Detroit Tigers Offseason Outlook for 2023-2024 Free Agency

The Detroit Tigers had enough young players show promise this season to feel hopeful for the future, but still remain squarely in a rebuild.

DETROIT, MICHIGAN - MAY 31: Zach McKinstry #39 of the Detroit Tigers celebrates scoring a third inning run with Spencer Torkelson #20 while playing the Texas Rangers at Comerica Park on May 31, 2023 in Detroit, Michigan. (Photo by Gregory Shamus/Getty Images)

Another October where Tigers conversation is focused on the offseason instead of the Postseason. Believe it or not, 78 wins was good enough for a second place finish in the AL Central, but not nearly good enough to be considered a contender.

On the bright side, we did see enough production from Riley Greene, Spencer Torkelson, and Kerry Carpenter to consider them as the core, or foundation, to build upon. Jake Rogers finally strung together a healthy season and put up 21 home runs in only 107 games. Injuries held the pitching staff back, while enough arms flashed to have some hope heading into 2024.

The AL Central was terrible, no beating around the bush on that. I expect the Twins to be strong in ’24, the Guardians to have a potential bounce back with the Royals and White Sox behind the Tigers. New General Manager Jeff Greenberg is filling the role at an interesting time.

The Tigers have a young core and a couple of promising prospects who could crack the lineup next season. How he builds the team around them will ultimately determine just how good this team could be.

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Starting Pitching

Options: Tarik Skubal, Reese Olson, Matt Manning, Casey Mize (IL), Sawyer Gipson-Long, Joey Wentz. Minors: Jackson Jobe, Ty Madden, Keider Montero, Brant Hurter

Need: A veteran on a one-year deal

With Eduardo Rodriguez likely out of the picture, all of the Tigers option I listed are under team control through at least 2026. Skubal has looked like an ace and should lead this staff for the foreseeable future.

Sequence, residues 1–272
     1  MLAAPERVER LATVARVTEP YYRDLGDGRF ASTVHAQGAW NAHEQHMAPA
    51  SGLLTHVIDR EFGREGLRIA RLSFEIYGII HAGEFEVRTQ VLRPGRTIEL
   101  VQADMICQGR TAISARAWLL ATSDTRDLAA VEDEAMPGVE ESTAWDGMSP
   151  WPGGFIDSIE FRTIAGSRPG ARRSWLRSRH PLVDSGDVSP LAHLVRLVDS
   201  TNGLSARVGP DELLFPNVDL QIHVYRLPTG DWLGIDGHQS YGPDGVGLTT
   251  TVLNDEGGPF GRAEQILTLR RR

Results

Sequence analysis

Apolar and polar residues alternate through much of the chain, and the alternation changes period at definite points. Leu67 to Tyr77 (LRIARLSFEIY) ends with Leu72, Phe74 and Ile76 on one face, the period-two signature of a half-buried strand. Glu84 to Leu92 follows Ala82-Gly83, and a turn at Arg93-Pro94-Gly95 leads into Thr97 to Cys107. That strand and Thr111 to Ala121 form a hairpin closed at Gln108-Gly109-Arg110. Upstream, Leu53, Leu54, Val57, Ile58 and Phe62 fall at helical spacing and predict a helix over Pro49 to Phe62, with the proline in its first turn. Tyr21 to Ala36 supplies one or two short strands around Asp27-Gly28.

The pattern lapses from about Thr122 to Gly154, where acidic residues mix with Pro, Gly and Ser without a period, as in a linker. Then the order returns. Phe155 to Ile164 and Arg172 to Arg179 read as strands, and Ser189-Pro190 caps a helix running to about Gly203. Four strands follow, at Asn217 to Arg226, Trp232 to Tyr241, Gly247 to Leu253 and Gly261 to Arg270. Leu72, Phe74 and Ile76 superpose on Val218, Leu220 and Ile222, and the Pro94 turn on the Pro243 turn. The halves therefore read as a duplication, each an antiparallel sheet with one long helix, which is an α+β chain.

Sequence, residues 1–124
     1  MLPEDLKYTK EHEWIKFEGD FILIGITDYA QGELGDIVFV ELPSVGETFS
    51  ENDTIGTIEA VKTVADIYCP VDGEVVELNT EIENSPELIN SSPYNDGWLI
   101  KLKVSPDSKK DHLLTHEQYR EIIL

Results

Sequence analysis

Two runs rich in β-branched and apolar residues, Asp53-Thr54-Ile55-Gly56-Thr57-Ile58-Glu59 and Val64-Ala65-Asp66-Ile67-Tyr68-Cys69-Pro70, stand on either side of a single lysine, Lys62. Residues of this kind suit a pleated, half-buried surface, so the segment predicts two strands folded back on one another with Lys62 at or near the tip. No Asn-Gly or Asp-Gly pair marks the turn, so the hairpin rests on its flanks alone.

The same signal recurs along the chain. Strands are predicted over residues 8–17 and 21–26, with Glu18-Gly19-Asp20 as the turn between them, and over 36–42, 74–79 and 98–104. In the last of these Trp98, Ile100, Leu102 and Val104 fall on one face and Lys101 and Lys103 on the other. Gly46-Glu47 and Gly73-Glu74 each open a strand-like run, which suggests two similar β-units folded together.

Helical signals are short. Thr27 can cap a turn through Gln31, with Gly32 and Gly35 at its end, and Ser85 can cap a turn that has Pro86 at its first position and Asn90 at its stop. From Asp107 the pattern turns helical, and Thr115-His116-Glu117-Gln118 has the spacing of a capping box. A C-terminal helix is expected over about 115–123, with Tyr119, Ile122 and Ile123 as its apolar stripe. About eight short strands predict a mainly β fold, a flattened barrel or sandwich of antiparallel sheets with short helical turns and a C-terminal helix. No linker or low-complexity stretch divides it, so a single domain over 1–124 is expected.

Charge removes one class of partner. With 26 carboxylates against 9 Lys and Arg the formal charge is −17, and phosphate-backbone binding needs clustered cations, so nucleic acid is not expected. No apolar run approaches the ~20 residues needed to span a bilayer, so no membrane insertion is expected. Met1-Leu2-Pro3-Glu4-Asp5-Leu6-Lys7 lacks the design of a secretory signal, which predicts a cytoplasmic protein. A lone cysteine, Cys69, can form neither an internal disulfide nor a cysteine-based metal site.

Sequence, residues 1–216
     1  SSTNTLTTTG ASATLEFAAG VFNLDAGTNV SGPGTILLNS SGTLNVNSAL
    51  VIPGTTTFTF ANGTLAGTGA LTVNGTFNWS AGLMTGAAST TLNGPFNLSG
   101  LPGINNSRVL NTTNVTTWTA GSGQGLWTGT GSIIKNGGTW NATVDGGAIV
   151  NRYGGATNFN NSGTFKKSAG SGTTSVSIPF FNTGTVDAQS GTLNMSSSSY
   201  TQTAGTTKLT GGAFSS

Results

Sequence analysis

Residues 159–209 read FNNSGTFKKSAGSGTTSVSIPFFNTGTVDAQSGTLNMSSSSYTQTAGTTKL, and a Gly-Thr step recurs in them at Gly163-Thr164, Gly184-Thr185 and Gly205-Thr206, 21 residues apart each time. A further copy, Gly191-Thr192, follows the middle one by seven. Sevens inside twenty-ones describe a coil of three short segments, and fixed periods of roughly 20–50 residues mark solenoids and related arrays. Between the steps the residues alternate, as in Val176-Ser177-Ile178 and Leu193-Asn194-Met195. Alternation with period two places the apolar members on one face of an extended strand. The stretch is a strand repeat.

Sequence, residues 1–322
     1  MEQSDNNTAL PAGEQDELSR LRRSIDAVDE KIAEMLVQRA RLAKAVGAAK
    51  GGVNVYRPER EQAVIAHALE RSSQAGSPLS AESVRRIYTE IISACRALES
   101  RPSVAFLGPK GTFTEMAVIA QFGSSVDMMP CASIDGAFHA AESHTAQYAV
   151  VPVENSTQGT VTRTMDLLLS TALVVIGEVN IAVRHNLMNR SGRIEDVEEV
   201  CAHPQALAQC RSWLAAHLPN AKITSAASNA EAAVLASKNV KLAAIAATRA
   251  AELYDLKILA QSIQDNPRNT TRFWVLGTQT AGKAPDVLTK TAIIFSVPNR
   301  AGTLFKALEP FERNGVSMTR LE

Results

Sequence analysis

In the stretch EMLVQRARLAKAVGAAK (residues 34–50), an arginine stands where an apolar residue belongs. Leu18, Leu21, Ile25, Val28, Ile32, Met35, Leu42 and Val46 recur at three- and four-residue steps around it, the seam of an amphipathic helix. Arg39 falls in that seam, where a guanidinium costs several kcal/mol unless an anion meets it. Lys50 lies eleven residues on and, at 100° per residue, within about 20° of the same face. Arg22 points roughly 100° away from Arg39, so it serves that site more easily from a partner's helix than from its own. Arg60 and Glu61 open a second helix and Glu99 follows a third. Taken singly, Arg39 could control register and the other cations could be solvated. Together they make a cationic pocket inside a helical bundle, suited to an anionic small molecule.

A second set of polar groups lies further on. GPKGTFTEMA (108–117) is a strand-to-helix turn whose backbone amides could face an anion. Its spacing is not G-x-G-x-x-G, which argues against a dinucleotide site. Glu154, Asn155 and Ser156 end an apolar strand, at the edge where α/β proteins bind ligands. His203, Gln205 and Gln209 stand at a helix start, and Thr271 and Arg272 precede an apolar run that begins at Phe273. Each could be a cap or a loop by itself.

After returning from injury he posted a 2.80 ERA and 2.00 FIP across 15 starts. Matt Manning might not have the ceiling he was projected to have as a prospect, but is good enough to stick in the rotation, even as a back-end starter.

Past Skubal and Manning, question marks come up. Olson surprised many with his rookie season. More time with pitching coach Chris Fetter should help him cement his rotation spot.

Gipson-Long likely earned an extended look in 2024, while flashing some upside. The big question is Casey Mize. Injuries and poor performance makes him a complete wild card. Oh, and Spencer Turnbull and Joey Wentz are non-factors/bullpen options in my eyes.

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Fans and prospect evaluators are gushing over pitching prospect Jackson Jobe, and rightfully so. At 21 years old, I believe he’ll start in Double-A and will have a chance to enter the Tigers rotation if all goes well by late summer. Madden, Montero, and Hurter might be getting a chance sooner, but none are guarantees. Because of this, adding a veteran to soak up some innings would be wise.

Sure, they could add a depth type option and get by, but I think the front office should capitalize on their situation. A team that showed some promise, with a pitchers ballpark, and can give a free agent no. 2 or 3 type innings. Either a bounce back candidate, or a pitcher who did not get the deal from a contender and could become an option to be moved at the deadline (and replaced by a prospect).

Detroit can go this route while still having flexibility for the future. Give someone in a situation like Frankie Montas a one-year deal with enough money to make it attractive for him.

Allow him to come in, make some decent money, a work with a well-regarded pitching coach in a ballpark that could help strengthen his case next offseason for a multi-year deal, if he proves he’s healthy. More or less, replace the Rodriguez money with a veteran option.

Overpay if you have to for a shorter term. The rotation will be extremally cheap with players just entering arbitration, so take advantage of the opportunity while you can.


Options: Alex Lange, Jason Foley, Tyler Holton, Mason Englert, Alex Faedo, Brendan White, Beau Brieske, Will Vest, Andrew Vasquez, Tyler Alexander (IL), and others

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Need: To Keep Trusting Chris Fetter & the Organization

Year in and year out Chris Fetter and the organization have shown they can find, and develop, bullpen arms. Sure, Lange can make you want to pull your hair out at times but is talented enough to remain a primary option. Foley, Holton, and Vest have all been great. I think there are enough internal options and starters who could be bumped to the ‘pen to not make adding free agents a top priority.